Russian President Vladimir Putin has massed tens of thousands of troops along Ukraine's eastern border, a reminder of his vow to protect ethnic Russians in the neighboring country. Using his army, however, is probably Plan B. Rather than repeating the "Crimean scenario" - invading, seizing and annexing territory - the Kremlin would prefer to keep Ukraine weak and divided by forcing a change in how it is governed, analysts say. Increasing regional autonomy at the expense of the central government would force Ukrainian authorities to constantly balance competing visions of the country to hold it together, and in effect give Moscow veto power through its influence among ethnic Russians in the east.
CALIFORNIA | LOCAL
April 12, 2014 | By Steve Chawkins
Today, the image would have gone viral in an instant: The president of the United States, dripping wet in swim trunks before a throng of excited beachgoers, trading a look and a laugh with an attractive woman in a polka-dot bikini. But well before the Internet's relentless rationing of spontaneous fame, the 1962 photo of President Kennedy at Santa Monica's beach made quite a splash. For a Los Angeles woman named Eva Ban, its effect lasted a lifetime. Ban was the woman in the two-piece swimsuit, which was called a bikini in news accounts but was modest by today's standards.
WORLD
April 11, 2014 | By Mery Mogollon and Chris Kraul
CARACAS, Venezuela - A marathon meeting between President Nicolas Maduro and opposition leaders that ended early Friday kept alive the possibility of a compromise between the two sides to halt Venezuela's slide toward anarchy. Maduro hosted 11 opposition leaders Thursday night at the Miraflores presidential palace in Caracas, the capital, and the political foes leveled bitter accusations. Each blamed the other for the violence that has left 41 people dead and more than 1,000 injured since February.
NATIONAL
April 10, 2014 | By Noam N. Levey and Christi Parsons
WASHINGTON - Kathleen Sebelius, who helped guide the rocky and controversial rollout of President Obama's landmark healthcare law, is stepping down as Health and Human Services secretary after about five years, according to a senior administration official. In her place, the president plans to nominate Sylvia Mathews Burwell, director of the White House Office of Management and Budget. Sebelius was not pressured to resign, according to the administration official. But she leaves after presiding over the disastrous launch of the health law's new online insurance marketplaces last fall.
CALIFORNIA | LOCAL
April 10, 2014 | By David Zahniser
The panel charged with looking into sexual harassment claims against Los Angeles City Councilman Jose Huizar has completed its work and forwarded its findings to Council President Herb Wesson. News that the probe is finished comes as the City Council on Friday is scheduled to consider a contract authorizing up to $200,000 in payments to the law firm representing Huizar in a lawsuit filed by his accuser, former Deputy Chief of Staff Francine Godoy. The report, which council members are expected to consider behind closed doors, was prepared by Batza & Associates, an investigative firm that specializes in workplace matters.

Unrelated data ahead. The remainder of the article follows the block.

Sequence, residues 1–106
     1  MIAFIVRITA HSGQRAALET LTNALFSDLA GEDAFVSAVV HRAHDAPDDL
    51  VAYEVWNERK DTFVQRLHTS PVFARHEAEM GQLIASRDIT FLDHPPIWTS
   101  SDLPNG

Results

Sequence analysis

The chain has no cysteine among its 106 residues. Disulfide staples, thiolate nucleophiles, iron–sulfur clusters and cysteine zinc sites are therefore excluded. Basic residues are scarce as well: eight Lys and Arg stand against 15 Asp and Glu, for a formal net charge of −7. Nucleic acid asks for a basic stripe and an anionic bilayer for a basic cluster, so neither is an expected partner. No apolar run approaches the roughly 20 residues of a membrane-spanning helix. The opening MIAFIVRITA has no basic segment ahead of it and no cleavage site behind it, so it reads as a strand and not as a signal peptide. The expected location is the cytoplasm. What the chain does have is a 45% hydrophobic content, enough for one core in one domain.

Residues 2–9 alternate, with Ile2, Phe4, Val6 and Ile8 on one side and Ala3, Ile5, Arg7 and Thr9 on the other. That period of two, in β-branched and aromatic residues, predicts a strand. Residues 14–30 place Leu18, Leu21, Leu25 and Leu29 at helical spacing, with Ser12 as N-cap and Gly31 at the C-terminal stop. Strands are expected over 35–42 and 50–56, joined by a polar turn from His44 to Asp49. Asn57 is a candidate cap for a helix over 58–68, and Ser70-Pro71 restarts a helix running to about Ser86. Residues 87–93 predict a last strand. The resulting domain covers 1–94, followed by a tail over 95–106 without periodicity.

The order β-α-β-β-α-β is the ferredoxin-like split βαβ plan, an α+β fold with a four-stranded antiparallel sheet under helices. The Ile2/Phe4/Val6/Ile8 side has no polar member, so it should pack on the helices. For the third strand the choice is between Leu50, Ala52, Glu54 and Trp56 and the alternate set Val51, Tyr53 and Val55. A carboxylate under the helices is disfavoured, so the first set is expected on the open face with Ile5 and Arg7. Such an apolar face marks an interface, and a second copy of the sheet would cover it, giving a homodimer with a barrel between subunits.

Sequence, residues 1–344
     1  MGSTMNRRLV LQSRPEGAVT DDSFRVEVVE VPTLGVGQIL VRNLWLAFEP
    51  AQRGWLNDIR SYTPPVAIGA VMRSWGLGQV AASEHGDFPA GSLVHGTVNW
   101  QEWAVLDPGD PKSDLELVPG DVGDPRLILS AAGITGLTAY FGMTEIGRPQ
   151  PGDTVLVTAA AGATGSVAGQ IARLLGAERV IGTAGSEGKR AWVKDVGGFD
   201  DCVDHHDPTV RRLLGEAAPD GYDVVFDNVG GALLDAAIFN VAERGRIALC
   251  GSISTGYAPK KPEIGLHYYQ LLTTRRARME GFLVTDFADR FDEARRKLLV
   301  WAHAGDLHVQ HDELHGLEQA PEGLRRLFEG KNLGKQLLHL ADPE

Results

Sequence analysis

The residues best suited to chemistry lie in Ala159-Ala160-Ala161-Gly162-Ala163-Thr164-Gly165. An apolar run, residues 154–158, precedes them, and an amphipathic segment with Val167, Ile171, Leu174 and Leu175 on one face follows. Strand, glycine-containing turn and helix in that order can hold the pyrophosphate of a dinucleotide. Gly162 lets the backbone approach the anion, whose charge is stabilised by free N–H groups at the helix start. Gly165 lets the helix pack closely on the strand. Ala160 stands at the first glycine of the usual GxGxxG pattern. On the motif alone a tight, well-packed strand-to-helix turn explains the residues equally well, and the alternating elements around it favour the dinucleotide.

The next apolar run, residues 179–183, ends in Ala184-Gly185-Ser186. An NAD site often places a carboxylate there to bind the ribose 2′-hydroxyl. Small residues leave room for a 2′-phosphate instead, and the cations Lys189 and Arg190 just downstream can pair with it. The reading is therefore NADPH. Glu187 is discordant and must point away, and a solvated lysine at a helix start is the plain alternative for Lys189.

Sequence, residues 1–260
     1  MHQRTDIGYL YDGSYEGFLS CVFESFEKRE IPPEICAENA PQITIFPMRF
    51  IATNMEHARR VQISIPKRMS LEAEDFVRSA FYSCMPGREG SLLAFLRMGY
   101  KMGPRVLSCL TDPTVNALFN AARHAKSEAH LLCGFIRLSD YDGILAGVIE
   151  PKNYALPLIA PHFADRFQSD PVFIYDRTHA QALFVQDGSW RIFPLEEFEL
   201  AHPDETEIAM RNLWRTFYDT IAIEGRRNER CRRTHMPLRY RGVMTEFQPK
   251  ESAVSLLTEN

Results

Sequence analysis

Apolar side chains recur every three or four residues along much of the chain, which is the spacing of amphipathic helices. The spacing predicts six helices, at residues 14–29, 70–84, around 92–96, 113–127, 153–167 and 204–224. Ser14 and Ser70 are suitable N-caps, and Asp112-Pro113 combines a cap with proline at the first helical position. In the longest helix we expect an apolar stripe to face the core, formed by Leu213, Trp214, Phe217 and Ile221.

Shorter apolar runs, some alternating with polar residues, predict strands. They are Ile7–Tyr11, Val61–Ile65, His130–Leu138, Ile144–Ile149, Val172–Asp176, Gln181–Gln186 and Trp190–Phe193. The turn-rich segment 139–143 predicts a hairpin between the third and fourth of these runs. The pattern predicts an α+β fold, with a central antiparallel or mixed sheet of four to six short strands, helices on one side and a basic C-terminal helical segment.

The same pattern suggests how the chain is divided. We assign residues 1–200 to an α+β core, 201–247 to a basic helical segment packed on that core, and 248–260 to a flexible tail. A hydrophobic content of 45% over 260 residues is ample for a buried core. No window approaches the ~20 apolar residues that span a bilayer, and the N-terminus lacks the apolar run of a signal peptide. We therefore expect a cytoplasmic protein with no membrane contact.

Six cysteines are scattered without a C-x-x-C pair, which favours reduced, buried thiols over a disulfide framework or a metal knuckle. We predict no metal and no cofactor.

NATIONAL
April 8, 2014 | By Kathleen Hennessey
WASHINGTON - President Obama used his executive power and a hot-button issue to try to stoke support from a key election-year constituency Tuesday, as he issued two directives aimed at ensuring federal contractors pay women as much as men for equal work. Surrounding himself with female supporters at the White House, Obama signed an executive order prohibiting federal contractors from retaliating against employees who talk about how much money they make. Advocates say secrecy about salaries is a major contributor to the gap in average pay between male and female workers in the United States, which the White House says means women make 77 cents for every dollar earned by men. The president also ordered contractors to report data to the government showing the compensation paid to employees by gender and race.
CALIFORNIA | LOCAL
May 7, 2013 | By Nita Lelyveld
Arden Hayes is 5. He loves Legos and doing flips onto the living room couch. He also loves our nation's presidents. He knows all 44 in order and can tell you something about any one of them. Arden knows a lot about the presidents because he reads a lot. He's been reading since before he turned 2. He recently surprised his parents by reciting the Gettysburg Address word for word. When I wrote about Arden Hayes in Sunday's paper, some readers wondered how the newspaper came to find out about him. In fact, Times photographer Mel Melcon was the first person to notice Arden, when Melcon went to the Nixon Library to cover the opening of a new exhibit.
NEWS
August 19, 1991
THE JOB: The office of president was established for the first time by the Third Congress of People's Deputies in March, 1990. The president, under the Soviet constitution, Article 127, is the "head of the Soviet state." The president is elected by universal, direct and secret ballot. ELIGIBILITY: Any Soviet citizen between the ages of 35 and 65 may be elected to the post for a maximum of two five-year terms.
WORLD
April 7, 2014 | By Robyn Dixon
JOHANNESBURG, South Africa - In scattered villages on steep green hillsides, many who killed their neighbors in Rwanda's genocide 20 years ago now live side by side with relatives of the dead. Speech that creates ethnic divisions has been outlawed. Local tribunals called gacaca courts have allowed many offenders to be released from prison in return for confessions and expressions of remorse. And a generation of young people who grew up after the mass killings embody the hope of a new breed of Rwandans who identify not by ethnicity but by nationality.
OPINION
April 4, 2014 | By Timothy Garton Ash
BEIJING - President Xi Jinping is leading an extraordinary political experiment in China. In essence, he is trying to turn his nation into an advanced economy and three-dimensional superpower, drawing on the energies of capitalism, patriotism and Chinese traditions, yet all still under the control of what remains, at its core, a Leninist party-state. He may be a Chinese emperor, but he is also a Leninist emperor. This is the most surprising and important political experiment on Earth.